C.S. Lewis in Mere Christianity states that “provided you did the right thing, it did not matter how or why you did it, whether you did so willingly or unwillingly, sulkily or cheerfully, through fear of public opinion or for its own sake. But the truth is that right actions done for the wrong reason do not help to build the internal quality or character called virtue, and it is this quality or character that really matters” (Lewis 80).

It’s not enough to get through a task begrudgingly; you’ve got to embrace its spirit. That is the only way to reap long-lasting rewards both external and internal. But how does one embrace the spirit of unpleasant work?

How to Stop the Grind

A change in mindset is needed. For example, one man says, “I break stone for a living,” but his colleague says, “I build cathedrals for a living.” Who is more likely to enjoy the job and do it well? The first stonecutter is a grinder. The second is a craftsman.

It has been shown that the right reason breeds more success over time and in the future. Daniel Pink in his book “Drive,” also discusses this idea of internal rewards resulting in greater long-term effects than extrinsic rewards. Pink points to Federick Herzberg, a psychologist turned management professor, who says that basic extrinsic factors are not enough to feel rewarded on the job. What is needed is enjoyment of the work itself, and personal growth (Pink 18).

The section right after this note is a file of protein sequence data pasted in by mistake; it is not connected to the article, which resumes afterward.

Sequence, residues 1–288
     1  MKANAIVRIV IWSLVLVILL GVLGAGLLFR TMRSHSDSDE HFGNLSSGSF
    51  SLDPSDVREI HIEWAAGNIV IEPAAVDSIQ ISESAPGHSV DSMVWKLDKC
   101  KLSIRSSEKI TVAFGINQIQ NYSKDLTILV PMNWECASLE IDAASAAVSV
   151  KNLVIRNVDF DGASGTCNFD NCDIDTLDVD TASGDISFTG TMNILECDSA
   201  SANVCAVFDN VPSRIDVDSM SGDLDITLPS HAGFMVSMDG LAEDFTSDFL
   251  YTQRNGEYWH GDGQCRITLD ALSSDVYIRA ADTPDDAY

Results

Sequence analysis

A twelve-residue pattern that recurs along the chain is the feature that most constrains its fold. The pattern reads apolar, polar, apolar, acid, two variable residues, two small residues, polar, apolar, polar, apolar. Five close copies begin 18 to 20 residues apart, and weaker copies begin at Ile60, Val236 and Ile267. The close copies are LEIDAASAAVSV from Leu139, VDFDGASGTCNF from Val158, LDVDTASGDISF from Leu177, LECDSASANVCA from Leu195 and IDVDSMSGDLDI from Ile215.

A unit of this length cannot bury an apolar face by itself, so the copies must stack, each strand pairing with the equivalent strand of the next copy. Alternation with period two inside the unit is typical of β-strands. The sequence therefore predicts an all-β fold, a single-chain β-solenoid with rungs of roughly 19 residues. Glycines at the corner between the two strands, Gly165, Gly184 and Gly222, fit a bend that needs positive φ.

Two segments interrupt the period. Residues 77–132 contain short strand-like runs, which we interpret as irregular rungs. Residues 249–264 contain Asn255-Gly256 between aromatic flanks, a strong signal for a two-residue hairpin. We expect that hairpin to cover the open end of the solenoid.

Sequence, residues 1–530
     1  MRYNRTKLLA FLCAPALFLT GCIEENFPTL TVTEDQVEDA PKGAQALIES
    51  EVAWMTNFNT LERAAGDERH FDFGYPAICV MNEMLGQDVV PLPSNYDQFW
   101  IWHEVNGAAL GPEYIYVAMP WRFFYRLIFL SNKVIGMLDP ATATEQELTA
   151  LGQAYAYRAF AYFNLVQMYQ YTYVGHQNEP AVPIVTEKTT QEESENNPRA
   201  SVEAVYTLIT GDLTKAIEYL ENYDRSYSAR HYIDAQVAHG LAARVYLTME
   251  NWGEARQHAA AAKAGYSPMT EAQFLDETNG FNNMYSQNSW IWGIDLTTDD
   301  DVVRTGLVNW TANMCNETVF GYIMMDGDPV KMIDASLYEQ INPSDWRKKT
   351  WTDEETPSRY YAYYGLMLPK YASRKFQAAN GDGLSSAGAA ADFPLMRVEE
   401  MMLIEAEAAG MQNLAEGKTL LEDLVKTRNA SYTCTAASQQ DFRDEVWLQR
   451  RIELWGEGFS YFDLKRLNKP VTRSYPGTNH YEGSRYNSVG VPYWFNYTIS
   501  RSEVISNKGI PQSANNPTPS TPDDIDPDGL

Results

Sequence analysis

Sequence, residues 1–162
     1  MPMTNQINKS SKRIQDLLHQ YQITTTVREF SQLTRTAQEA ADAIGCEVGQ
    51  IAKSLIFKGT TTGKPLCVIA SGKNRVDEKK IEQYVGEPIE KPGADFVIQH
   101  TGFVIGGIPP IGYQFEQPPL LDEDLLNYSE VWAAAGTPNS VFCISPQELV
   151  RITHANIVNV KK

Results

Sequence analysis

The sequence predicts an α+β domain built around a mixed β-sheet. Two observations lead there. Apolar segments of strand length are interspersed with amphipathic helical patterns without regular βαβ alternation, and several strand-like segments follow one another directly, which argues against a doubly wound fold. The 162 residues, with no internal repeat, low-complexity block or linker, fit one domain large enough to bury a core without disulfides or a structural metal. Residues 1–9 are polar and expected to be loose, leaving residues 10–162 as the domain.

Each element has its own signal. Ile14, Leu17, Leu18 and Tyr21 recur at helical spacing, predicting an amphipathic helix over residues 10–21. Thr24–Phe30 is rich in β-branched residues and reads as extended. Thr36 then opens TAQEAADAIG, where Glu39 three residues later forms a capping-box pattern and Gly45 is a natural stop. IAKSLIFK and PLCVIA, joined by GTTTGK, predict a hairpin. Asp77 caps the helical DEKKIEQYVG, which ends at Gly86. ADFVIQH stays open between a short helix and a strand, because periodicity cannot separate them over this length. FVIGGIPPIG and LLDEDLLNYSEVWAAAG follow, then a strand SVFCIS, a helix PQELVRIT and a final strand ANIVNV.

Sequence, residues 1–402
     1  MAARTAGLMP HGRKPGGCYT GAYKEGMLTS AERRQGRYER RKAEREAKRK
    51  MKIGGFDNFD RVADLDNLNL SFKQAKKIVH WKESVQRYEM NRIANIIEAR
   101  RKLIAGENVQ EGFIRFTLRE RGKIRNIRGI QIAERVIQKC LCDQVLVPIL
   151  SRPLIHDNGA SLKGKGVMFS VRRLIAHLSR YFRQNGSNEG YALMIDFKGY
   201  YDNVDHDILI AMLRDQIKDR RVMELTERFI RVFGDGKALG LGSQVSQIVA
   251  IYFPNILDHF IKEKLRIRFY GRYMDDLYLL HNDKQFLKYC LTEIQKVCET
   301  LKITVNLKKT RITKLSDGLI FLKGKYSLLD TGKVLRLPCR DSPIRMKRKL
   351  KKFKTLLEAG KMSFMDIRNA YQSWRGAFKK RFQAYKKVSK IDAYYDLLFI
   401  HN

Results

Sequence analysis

Pink also points out in research by W. Edwards Deming that internal rewards for long-term benefit are necessary (Pink 19). In fact, one of the biggest internal motivators is creativity So when doing homework can one find the ability to be a bit creative, and make it your own?

Years ago at a Heights Gala, I heard Dr. Arthur Brooks talk about happiness. He even gives a talk on happiness entitled, “The Art of Happiness,” and wrote a book on happiness: Gross National Happiness. He explains that people are happier who have those things that bring happiness like faith, family, community, and earned success at work (Brooks 33). Each person constructs his own earned success. The agent must be in control of this constructive process; he can’t wait for external factors to line up. In other words, an intrinsic reward that is developed by you translates into doing something for the right reason. Brooks himself says earned success provides that satisfaction (Eric Schulzke Jun 29, 2012).

If you would like to find out if a student is a minimalist then ask yourself some basic questions concerning the student’s behavior.   Do I often hear he can do better or he is an underachiever?  Is there a lack of responsibility taken when forgetting his lunch or homework.  Does no one get an “A” supposedly?  When missing a day of school, is there a call to a classmate to get homework and stay current? 

So a student doing nightly school work well for the Love of God has a better chance of experiencing long term success.  Joining the service club to help feed the poor and performing a corporal work of mercy becomes “permanent”.  Doing homework at night leads one to be an educated man. These internal motivations are long-lasting and provide true satisfaction.

So how does one develop an attitude of reality that has long term benefits?  Just be a saint!  If only it were that easy.  

Internal Tweaks